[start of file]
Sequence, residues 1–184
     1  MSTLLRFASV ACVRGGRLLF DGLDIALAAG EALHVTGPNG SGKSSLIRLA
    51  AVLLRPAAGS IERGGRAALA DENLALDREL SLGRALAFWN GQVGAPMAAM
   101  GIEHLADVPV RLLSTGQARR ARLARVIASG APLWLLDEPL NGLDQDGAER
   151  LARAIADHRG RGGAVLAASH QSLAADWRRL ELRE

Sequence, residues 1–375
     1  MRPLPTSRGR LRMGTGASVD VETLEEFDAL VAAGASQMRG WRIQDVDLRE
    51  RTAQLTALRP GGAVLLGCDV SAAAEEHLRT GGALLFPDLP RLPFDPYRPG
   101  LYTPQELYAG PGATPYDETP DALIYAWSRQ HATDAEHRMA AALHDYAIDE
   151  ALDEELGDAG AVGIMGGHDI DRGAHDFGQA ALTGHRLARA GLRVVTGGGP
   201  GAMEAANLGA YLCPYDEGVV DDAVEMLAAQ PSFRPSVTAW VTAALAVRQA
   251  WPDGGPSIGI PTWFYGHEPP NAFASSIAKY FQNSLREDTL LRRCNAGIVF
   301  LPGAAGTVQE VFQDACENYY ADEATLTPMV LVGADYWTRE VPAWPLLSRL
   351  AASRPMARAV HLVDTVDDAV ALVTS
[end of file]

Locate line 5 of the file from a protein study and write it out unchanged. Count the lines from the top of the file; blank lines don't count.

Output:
   151  LARAIADHRG RGGAVLAASH QSLAADWRRL ELRE